Hickam Field, HI (WXOW)- Ewald "Cookie" Koch barely escaped the bombing of the 32-hundred barracks on Hickam Field. Cookie returned to Hickam to tell his story to a local historian. A story she thought he had taken to his grave.
When Ewald "Cookie" Koch returned to Hickam Field, history came back to life. "We thought he had passed away." Jessie Higa runs the Hickam History Club. She thought Cookie's last name, Koch was spelled c-o-o-k. With no record of a Mr. Cook, Jessie believed Cookie had died taking his story with him. But Koch is actually spelled k-o-c-h. "So for Wisconsin to bring Cookie all the way here to me and Hickam, his home; It has been an answered prayer."
Cookie's prayers were answered here as well 70 years ago. "My bunk was right about up in here on the 2nd floor" recalled Cookie. Koch was inside getting ready for church when the first Japanese bomb struck his barracks. He came flying out the front door, across the courtyard, dodging Japanese bullets. He made his way across the street to a parking lot where he finally took cover underneath a car.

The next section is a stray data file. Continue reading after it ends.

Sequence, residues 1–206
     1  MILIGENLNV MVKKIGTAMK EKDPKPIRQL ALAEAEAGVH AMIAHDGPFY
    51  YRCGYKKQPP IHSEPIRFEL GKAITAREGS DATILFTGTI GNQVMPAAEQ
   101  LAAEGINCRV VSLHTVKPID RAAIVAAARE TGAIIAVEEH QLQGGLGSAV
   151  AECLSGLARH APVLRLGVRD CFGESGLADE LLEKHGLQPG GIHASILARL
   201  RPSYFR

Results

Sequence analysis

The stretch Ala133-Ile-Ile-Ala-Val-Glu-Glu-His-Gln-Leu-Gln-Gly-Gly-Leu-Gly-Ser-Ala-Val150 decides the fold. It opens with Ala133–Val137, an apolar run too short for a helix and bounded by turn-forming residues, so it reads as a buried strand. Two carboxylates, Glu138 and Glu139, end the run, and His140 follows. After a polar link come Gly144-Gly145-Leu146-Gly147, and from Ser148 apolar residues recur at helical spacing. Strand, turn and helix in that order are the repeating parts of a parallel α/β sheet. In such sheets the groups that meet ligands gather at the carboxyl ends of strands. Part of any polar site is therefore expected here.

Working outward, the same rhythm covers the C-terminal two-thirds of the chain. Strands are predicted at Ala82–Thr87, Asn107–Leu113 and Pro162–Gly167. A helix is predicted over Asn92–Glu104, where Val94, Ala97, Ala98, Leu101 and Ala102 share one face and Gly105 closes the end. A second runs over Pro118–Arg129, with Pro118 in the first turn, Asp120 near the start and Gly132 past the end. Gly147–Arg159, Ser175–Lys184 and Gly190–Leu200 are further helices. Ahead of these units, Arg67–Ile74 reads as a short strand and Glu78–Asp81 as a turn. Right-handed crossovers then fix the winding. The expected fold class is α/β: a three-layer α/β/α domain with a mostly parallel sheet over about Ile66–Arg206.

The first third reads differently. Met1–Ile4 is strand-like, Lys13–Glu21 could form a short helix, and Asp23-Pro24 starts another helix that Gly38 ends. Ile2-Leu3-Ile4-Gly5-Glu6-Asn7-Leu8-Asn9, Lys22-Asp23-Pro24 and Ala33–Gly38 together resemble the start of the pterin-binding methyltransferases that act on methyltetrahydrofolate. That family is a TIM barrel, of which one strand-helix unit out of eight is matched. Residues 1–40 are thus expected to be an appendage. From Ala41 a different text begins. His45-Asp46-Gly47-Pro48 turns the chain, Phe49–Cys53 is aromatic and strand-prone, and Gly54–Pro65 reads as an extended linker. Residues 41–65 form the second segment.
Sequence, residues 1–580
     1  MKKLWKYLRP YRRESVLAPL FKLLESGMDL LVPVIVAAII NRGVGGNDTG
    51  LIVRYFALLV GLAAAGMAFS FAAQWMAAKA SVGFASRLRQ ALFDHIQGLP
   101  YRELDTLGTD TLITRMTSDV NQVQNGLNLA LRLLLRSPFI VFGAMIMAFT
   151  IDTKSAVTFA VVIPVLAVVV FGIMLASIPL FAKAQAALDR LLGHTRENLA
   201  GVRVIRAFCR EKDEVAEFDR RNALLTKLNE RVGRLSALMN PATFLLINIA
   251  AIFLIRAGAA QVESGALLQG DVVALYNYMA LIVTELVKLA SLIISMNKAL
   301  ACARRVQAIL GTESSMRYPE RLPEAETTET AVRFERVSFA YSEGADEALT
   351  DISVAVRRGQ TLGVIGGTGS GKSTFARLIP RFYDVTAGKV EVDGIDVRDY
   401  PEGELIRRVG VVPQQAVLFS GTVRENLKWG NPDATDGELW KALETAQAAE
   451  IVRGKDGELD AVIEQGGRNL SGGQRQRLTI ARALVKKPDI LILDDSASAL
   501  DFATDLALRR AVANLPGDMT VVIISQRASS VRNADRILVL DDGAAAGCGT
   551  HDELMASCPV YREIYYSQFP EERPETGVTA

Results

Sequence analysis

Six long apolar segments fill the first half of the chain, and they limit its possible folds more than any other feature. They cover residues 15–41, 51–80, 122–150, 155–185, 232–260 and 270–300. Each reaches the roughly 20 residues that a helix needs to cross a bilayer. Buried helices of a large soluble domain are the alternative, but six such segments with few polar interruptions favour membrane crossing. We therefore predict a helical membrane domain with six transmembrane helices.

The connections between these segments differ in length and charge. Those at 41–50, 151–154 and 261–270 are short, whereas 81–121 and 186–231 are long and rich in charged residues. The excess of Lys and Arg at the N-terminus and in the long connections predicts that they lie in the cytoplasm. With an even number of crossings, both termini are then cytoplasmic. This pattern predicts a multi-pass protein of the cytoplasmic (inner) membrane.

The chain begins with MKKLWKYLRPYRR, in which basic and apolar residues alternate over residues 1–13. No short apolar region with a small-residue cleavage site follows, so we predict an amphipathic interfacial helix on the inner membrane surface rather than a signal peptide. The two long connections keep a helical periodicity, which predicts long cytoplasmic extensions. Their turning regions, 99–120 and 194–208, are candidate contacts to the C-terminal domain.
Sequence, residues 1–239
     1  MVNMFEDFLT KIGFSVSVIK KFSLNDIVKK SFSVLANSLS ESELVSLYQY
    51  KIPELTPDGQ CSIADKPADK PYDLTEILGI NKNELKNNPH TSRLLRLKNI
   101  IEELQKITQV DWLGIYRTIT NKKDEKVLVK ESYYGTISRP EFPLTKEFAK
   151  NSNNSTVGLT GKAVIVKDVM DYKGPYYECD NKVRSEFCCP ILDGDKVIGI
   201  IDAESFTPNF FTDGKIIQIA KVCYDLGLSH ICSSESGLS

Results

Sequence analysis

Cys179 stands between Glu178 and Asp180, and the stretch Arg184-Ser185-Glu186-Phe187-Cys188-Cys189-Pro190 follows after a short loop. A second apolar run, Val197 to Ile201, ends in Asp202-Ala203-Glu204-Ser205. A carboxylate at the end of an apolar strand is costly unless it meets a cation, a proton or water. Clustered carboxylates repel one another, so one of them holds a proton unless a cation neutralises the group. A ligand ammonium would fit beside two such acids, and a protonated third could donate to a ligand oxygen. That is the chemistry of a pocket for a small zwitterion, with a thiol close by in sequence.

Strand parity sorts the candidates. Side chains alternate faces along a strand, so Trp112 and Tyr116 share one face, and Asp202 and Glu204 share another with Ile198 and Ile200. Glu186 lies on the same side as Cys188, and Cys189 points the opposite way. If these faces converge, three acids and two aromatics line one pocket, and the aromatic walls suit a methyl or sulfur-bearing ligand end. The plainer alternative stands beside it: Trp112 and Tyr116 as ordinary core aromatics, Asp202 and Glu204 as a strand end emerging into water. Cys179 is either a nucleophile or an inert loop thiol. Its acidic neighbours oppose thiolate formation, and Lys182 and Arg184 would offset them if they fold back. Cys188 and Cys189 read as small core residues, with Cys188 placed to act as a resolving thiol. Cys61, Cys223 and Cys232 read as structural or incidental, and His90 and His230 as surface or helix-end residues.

Another soldier took cover with Cookie. The young man laid between Cookie and the barracks and took the brunt of the bomb blast; shrapnel ripping through his body. "He says my foot is gone. So, I put a tourniquet on his leg until the bombing was over with and then we got him to the hospital."
Cookie was also injured, suffering 3rd degree burns on his thigh. He would spend weeks in the hospital where he tried to find the young man who he believes saved his life.
The soldier's injuries were so severe he was flown to the mainland and never returned. It wasn't until this year that Cookie learned the name of the boy who lay under the car with him. Jack Fox lost his leg but survived the war. He died in 1994.